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Application Mineralogy

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Application of process mineralogy as a tool in sustainable processing C.L. Evans a,, E.M. Wightman a , E.V. Manlapig a , B.L. Coulter b a The University of Queensland, Sustainable Minerals Institute, Julius Kruttschnitt Mineral Research Centre, Indooroopilly, QLD 4068, Australia b  Xstrata Technology, Level 4, 307 Queen St., Brisbane, QLD 4000, Australia a r t i c l e i n f o  Article history: Available online 9 April 2011 Keywords: Ore mineralogy Comminution Froth otation Liberation a b s t r a c t The obse rved beh avio urs of min era l part icle s in min eral proc essin g ope ratio ns have been exp loite d in the past to mod el commin utio n and conc entr atio n proc esse s. In this work this co nce pt has b een take n a step further, exploiting the mineralogical characteristics of particles to link comminution, concentration and smelt ing . This appro achis de mo nst rat ed usi ng a lab oratory- bas ed ca se stu dy of a Ni –Cu sul phideore. The case study focused on the effect of shifting energy between the comminution and smelting stages on the overall energy consumption for the metal production process. To model this effect the mineral composi- tion of the particles was linked to the behaviour of the ore particles in the primary grinding, regrinding and otation stages. This application of process mineralogy provides a methodology to minimise energy use across mineral concentration and smelting processes, an important aspect of sustainable processing.  2011 Elsevier Ltd. All rights reserved. 1. Introduction The increasing availability of automated mineralog y systems provides an opportuni ty for metallurgists to mode l miner al pro- ces sin g op era tio ns in terms of pa rt icl es an d th eir mi ne ra l co mp osi - tion. Th e models pu bli shed in the lit er ature fal l into two cat eg or ies – those based on fundamental properties of the mineral particles and tho se base d on heu rist ics dev elop ed by obse rvi ng the pro cess- ing beh av iours of ore pa rticles. Th e fund amental modelli ng of mi n- era l lib era tio n in com mi nu tio n is a resear ch ar ea wh ich ha s exercised the minds of many researchers, starting with  Gaudin in 1939  and continuing to the present day ( Wiegel , 1976; Barbery and Leroux, 1988; King, 1979; Gay, 1994). Similarly the prediction of otation behaviour from fundamentals is a continuing area of research with many branches of science including surface chemis- try and electrochemistry contributing to the understanding of this comple x process. Wh ile the fun dam ent al rese arch con tinu es, the nee d for mo dels which can be appl ied to sim ulate the eff ect of cha ng es to liberation and the subs equ ent impact on ot atio n pro cesses has led oth er researchers to develop models of these processes based on heuris- tics. Such models have been used in the past to optimise the pro- cess chain in te rms of a va riety of pa ram ete rs for ex ampl e mineral recovery (Bazin et al., 1994) and economic value (McIvor and Finch, 1991). With the recent focus on sustainability in mining and the drive for reso urce s compan ies to minimise the energy use in ene rgy - intensive processes such as comminution and smelting, there is a ne ed fo r to ol s wh ich all ow com pa nies to op timise thei r pr ocess en- ergy use. This research focuses on using quantitative mineralogy and heuristic models to identify where in the comminution–ota- tion–smelting process chain energy is most efciently applied; in particular, this work can assist engineers in developing strategies to reduce overall ene rgy con sum ptio n across the concen tra tor and smelt er pr ocess cha in by ad din g more reg rin di ng ener gy to re- move from the nal concentra te minerals which are deleter ious to the smelting process. Metallurgists recognise that there is scope to tune the operation of a concentrator to change the product quality and also scope to tune the smelter operation to smelt a different gra de of con cen trat e. How ever, there is no integrated tool cur - rently available which allows companies to model the combined effect of these changes on overall energy consumption in the mill and smelter. The methodology developed in this research, termed ‘‘Mill to Melt’’ provides such an integrated approach in which the linkage between the various processes is information on particle mineralogical composition. 2. Modelling liberation and otation The met hod olo gy dev elop ed in this rese arch exp loit s some heu- rist ics wh ich are base d on the obs erv ed beh aviours of ores in com- minution and otation. A range of authors, starting with  Bérubé and Ma rch an d in 1984, ha ve ob serve d that the amou nt of lib erate d mineral in a given size fraction is the same, regardless of where in the comminution circuit the sample is taken. The heuristics have been reported to be applicable to a range of ores including iron ore (Bérubé and Marchand, 1984), Mt Isa lead–zinc ore ( Manlapig et al., 1985), a range of Australian copper ores and a lead–zinc ore 0892-6875/$ - see front matter  2011 Elsevier Ltd. All rights reserved. doi:10.1016/j.mineng.2011.03.017 Corresponding author. Address: JKMRC, 40 Isles Road, Indooroopilly, QLD 4068, Australia. Tel.: +61 7 3365 5888; fax: +61 7 3365 5999. E-mail address:  [email protected] .edu.au (C.L. Evans). Minerals Engineering 24 (2011) 1242–1248 Contents lists available at  ScienceDirect Minerals Engineering journal homepage:  www.elsevier.com/locate/mineng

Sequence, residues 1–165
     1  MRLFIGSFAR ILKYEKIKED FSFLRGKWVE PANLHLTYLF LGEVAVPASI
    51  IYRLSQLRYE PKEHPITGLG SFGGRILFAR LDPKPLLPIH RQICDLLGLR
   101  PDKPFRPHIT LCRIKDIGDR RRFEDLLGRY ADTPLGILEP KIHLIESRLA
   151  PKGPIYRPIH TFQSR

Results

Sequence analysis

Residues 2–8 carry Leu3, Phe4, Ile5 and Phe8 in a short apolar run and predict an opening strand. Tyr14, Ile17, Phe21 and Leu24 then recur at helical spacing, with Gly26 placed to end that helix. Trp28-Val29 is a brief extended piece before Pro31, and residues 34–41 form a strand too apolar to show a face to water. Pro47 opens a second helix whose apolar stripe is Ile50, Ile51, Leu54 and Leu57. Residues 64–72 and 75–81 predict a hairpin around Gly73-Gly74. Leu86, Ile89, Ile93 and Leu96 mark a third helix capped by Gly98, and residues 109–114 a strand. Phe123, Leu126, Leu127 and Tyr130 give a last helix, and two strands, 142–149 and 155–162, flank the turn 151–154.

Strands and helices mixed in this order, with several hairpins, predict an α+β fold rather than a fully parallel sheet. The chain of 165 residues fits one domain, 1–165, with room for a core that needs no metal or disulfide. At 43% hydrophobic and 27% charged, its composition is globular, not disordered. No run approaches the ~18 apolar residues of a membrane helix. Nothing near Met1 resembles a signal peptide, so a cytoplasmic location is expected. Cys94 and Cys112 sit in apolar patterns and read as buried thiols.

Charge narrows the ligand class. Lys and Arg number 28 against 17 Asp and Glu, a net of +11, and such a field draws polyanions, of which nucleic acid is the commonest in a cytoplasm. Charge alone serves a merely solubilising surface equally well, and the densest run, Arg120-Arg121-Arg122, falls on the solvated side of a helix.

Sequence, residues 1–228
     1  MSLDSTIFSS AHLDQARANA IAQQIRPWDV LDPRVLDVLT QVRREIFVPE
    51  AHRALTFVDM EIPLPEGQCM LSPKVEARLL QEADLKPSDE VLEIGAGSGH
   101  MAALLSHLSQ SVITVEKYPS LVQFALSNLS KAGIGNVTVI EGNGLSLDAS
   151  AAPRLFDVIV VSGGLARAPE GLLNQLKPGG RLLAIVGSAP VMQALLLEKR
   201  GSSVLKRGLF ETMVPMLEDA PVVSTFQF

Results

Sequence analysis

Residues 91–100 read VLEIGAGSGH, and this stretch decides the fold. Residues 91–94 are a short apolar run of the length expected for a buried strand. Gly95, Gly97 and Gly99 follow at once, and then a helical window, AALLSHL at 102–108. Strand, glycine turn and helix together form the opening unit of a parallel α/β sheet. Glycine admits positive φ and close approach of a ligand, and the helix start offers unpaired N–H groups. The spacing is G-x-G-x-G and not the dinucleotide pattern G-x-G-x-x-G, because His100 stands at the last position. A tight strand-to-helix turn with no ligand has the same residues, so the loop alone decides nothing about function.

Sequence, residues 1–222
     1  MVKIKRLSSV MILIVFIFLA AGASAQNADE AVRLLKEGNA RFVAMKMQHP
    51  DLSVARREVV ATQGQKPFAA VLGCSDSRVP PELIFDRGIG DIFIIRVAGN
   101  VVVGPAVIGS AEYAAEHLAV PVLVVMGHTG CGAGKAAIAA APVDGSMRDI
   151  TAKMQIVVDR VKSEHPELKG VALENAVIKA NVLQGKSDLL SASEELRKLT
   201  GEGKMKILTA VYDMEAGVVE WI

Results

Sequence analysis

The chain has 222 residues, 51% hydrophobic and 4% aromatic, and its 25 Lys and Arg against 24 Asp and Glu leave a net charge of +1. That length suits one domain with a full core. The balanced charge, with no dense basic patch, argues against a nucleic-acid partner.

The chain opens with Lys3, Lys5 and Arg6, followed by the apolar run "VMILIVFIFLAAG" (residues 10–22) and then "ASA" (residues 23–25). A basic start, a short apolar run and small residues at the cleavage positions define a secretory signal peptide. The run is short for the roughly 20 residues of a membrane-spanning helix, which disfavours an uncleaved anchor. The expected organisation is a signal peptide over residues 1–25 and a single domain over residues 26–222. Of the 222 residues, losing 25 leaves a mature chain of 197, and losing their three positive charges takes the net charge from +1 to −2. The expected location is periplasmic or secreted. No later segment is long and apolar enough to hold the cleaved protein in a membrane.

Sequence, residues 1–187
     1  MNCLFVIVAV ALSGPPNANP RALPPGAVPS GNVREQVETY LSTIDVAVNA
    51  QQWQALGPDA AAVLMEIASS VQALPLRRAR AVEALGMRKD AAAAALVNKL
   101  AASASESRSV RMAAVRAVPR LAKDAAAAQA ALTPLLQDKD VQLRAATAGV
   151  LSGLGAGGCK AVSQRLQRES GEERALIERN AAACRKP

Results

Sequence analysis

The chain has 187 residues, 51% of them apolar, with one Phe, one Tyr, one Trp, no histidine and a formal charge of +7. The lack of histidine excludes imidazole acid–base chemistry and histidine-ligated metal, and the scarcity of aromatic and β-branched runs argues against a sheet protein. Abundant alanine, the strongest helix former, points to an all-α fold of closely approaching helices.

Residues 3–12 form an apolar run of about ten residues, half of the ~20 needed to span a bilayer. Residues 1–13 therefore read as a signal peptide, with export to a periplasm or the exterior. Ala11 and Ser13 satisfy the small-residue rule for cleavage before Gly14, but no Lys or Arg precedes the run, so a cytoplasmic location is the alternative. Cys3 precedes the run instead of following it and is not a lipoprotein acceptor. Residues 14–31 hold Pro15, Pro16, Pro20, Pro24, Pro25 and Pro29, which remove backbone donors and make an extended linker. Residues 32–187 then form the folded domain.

• 8/12/2019 Application Mineralogy


    http://www.elsevier.com/locate/minenghttp://www.sciencedirect.com/science/journal/08926875http://dx.doi.org/10.1016/j.mineng.2011.03.017mailto:[email protected]://dx.doi.org/10.1016/j.mineng.2011.03.017
  • 8/12/2019 Application Mineralogy


  • 8/12/2019 Application Mineralogy


  • 8/12/2019 Application Mineralogy


  • 8/12/2019 Application Mineralogy


  • 8/12/2019 Application Mineralogy


  • 8/12/2019 Application Mineralogy